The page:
Assessment of suboptimal control for turbulent skin friction reduction via resolvent analysis

Satoshi Nakashima, Koji Fukagata, Mitul Luhar

Research output: Contribution to journalArticlepeer-review

23 Citations (Scopus)


This paper extends the resolvent analysis of McKeon & Sharma (J. Fluid Mech., vol. 658, 2010, pp. 336-382) to elucidate the drag reduction mechanisms for the suboptimal control laws proposed by Lee, Kim & Choi (J. Fluid Mech., vol. 358, 1998, pp. 245-258). Under the resolvent formulation, the turbulent velocity field is expressed as a linear superposition of propagating modes identified via a gain-based decomposition of the Navier-Stokes equations. This decomposition enables targeted analyses of the effects of suboptimal control on high-gain modes that serve as useful low-order models for dynamically important coherent structures such as the near-wall (NW) cycle or very-large-scale motions. The control laws generate blowing and suction at the wall that is proportional to the fluctuating streamwise (Case ST) or spanwise (Case SP) wall shear stress, with the magnitude of blowing and suction being a design parameter. It is shown that both Case ST and SP can suppress resolvent modes resembling the NW cycle. However, for Case ST, the analysis reveals that control leads to substantial amplification of flow structures that are long in the spanwise direction. Quantitative comparisons show that these predictions are broadly consistent with results obtained in previous direct numerical simulations. Further, the predicted changes in mode structure suggest that suboptimal control can be considered a modified version of opposition control. In addition to the study of modes resembling the NW cycle, this paper also considers modes of varying speed and wavelength to provide insight into the effects of suboptimal control across spectral space.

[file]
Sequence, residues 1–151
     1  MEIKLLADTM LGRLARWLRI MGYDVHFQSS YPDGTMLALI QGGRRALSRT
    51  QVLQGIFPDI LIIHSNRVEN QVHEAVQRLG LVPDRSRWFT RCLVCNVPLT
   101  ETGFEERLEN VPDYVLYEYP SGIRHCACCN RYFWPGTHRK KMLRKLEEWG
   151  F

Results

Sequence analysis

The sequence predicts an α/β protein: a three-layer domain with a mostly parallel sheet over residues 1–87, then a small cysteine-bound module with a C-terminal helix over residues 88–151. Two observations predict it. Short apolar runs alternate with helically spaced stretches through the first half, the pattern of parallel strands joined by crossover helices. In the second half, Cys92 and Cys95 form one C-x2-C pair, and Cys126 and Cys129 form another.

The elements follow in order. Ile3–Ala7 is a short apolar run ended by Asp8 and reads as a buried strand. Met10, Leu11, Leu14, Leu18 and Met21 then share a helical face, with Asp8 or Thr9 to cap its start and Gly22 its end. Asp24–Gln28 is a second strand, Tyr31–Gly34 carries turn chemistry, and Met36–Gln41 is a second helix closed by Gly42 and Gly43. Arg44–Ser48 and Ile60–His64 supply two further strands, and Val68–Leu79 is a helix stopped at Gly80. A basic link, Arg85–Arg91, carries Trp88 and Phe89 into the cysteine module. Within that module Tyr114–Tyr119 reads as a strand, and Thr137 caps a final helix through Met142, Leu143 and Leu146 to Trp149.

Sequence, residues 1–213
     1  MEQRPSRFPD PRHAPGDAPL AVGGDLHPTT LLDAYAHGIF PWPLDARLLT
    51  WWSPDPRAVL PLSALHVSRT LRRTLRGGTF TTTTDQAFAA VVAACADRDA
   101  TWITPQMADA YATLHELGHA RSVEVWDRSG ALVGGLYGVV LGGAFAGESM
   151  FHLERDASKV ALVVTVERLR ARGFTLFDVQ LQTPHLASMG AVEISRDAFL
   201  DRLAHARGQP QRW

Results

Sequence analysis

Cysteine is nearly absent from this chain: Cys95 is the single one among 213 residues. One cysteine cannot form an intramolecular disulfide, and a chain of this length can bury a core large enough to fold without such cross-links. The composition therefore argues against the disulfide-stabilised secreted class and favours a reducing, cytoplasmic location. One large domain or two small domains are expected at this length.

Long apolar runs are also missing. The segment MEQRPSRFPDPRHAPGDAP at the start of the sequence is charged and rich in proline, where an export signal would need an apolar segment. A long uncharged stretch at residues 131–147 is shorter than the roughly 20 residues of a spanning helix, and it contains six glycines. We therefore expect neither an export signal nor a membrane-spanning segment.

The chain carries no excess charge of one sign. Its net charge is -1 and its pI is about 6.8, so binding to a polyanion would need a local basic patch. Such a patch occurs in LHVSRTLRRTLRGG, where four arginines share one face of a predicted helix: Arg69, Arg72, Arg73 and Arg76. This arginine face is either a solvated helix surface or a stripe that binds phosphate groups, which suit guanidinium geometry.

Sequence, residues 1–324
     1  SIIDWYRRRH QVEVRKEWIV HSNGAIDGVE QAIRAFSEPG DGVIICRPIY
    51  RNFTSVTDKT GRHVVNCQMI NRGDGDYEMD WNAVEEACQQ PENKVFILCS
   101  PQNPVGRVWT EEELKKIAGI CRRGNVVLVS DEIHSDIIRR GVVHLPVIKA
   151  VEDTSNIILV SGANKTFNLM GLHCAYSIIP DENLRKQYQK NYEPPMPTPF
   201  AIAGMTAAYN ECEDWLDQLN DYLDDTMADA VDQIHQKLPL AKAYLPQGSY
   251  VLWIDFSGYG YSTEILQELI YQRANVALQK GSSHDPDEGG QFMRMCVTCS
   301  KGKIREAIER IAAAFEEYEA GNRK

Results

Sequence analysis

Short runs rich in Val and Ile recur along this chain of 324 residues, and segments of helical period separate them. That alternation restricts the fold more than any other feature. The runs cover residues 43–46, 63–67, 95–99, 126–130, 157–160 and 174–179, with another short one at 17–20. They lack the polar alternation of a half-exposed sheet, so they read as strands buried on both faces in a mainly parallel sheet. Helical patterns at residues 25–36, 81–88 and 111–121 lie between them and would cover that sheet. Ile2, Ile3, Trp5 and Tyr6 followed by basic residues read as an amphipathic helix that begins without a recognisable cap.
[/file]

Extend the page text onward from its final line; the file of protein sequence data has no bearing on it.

Original languageEnglish
Pages (from-to)496-526
Number of pages31
JournalJournal of Fluid Mechanics
Publication statusPublished - 2017 Oct 10


  • Drag reduction
  • flow control
  • turbulent flows

ASJC Scopus subject areas

  • Condensed Matter Physics
  • Mechanics of Materials
  • Mechanical Engineering
  • Applied Mathematics


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